3) Describe your personal journey growing towards self-acceptance in the age of social media:

I’m very happy that I’m in a place in my life where my faith is high and I am in tune with my soul. I have always been a very spiritual person but coming into this business, I knew that if I didn’t grow my faith, I wouldn’t last. Social media is an amazing platform for so many of us, and I love that many people take advantage of it. However, it can literally take away your confidence if you let it. We see so much “perfection” online and it’s hard to not want to look like what the media sees as “perfection” these days. It is also very hard to not compare yourself and your work to some else’s because it’s literally in your face. I think that giving social media a break sometimes definitely helps. We all occasionally need a cleanse, and doing so once in a while she can be very helpful. Instead of comparing yourself to anyone, use what that other person is doing as motivation and inspiration because what’s for you is for you, and you only. 

4) What advice can you give to help others with confidence? 

A quick tip that I would give to readers is to be grounded in your craft. Don’t ever take no for an answer because that one “no” can push you to the best yes of your life. Try your best to allow others on social media to be an inspiration for you, and that alone. Be around people that exude positive energy because energy is so important on how we feel about ourselves.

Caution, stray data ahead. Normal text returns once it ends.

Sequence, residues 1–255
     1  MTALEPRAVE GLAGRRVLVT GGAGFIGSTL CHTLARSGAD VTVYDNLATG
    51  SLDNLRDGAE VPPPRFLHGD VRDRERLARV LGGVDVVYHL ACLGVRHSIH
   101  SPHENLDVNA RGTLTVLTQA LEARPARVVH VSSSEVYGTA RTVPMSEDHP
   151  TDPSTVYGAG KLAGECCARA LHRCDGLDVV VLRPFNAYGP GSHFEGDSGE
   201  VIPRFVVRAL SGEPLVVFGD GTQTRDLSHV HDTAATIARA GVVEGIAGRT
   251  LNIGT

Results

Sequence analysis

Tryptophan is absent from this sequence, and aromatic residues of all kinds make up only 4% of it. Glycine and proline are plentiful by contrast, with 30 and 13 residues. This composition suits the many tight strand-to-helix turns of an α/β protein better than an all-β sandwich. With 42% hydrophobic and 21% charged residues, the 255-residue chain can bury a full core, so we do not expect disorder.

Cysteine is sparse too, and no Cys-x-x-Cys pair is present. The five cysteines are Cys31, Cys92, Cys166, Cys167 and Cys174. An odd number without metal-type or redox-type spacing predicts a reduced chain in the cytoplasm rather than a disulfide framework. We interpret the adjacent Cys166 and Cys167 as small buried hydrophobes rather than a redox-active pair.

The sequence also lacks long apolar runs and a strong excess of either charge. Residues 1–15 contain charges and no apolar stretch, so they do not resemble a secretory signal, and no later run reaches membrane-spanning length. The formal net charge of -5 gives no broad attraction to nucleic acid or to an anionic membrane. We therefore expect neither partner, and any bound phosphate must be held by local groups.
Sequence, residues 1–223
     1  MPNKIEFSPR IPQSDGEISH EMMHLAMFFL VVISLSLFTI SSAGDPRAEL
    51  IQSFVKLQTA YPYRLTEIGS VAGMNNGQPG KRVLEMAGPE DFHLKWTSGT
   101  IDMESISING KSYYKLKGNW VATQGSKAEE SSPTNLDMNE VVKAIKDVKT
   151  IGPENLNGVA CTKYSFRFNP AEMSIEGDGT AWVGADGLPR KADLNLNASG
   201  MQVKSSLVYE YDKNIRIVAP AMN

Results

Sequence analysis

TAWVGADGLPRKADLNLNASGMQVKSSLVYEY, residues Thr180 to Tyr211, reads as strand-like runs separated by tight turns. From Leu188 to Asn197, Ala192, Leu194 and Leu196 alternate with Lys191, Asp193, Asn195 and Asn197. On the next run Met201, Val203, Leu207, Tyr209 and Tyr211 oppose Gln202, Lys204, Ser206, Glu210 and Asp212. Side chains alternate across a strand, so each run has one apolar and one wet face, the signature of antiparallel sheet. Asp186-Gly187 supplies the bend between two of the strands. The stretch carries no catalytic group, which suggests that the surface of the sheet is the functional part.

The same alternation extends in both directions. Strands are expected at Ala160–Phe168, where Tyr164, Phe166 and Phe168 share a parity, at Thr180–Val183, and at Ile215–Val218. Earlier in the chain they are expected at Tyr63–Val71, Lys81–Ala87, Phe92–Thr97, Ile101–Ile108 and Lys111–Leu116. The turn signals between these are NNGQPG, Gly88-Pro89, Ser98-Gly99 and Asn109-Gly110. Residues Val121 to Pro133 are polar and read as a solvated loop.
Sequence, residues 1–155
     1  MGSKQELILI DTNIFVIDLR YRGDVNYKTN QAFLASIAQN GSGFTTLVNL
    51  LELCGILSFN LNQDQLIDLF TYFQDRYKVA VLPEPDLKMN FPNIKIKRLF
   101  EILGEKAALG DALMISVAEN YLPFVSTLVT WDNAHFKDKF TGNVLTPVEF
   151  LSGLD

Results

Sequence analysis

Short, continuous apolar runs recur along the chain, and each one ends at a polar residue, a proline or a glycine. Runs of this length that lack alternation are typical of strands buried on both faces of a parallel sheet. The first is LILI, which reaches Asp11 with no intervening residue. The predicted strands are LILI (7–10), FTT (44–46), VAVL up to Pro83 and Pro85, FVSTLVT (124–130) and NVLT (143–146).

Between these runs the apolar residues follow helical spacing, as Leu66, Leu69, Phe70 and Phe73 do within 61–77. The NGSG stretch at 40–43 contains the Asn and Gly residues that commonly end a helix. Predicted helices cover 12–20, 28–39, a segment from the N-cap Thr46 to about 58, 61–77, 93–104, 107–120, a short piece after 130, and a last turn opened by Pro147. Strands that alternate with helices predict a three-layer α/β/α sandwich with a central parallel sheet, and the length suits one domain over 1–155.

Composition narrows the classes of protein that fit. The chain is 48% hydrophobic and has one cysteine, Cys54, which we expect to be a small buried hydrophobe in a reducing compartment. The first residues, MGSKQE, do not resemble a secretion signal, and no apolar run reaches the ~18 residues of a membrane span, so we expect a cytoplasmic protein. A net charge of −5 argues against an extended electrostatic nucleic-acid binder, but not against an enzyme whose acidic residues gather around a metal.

Clementine Desseaux

Photo Cred: Clementine Desseaux

Clementine Desseaux is The Big Head, the co-founder of All Woman Project. Clementine is a BOSS when it comes to body positivity in an age where the idealized body image is heavily exhibited on social media. She crushes that stereotype of the “perfect body” and exposes how everybody is beautiful.

1)  Something that you would tell your younger self?

Stop worrying about what others can think of you and how you are perceived. Only your self-aware opinion matters. Also, stop stressing out about your body, it will give you a good life!

2) What is your personal definition of self-love and what does it look like?

Self-love is most importantly self-acceptance first. Love comes after. It’s a journey to learn to accept and love yourself. For some women, it’s a fast one, for me it’s still a day-to-day thing.

3) Describe your personal journey growing towards self-acceptance in the age of social media:

Social media is a double-edged sword. I saw it be empowering, to some girls because it gave them access to a world they had no idea existed and in which they fit perfectly; they find comfort in it. I also saw some being consumed by it and letting the pressure of being perfect and “conforming” get the best of them. It’s really hard to be a “normal” girl in this day where everything is curated to please the eye and flatter people’s ego.  

4) What advice can you give to help others with confidence? 

Confidence is nothing you can find at Barney’s. It comes from within. It’s something that you have to cultivate and nurtured like a plant for it to grow stronger.


Feature image via All Woman Project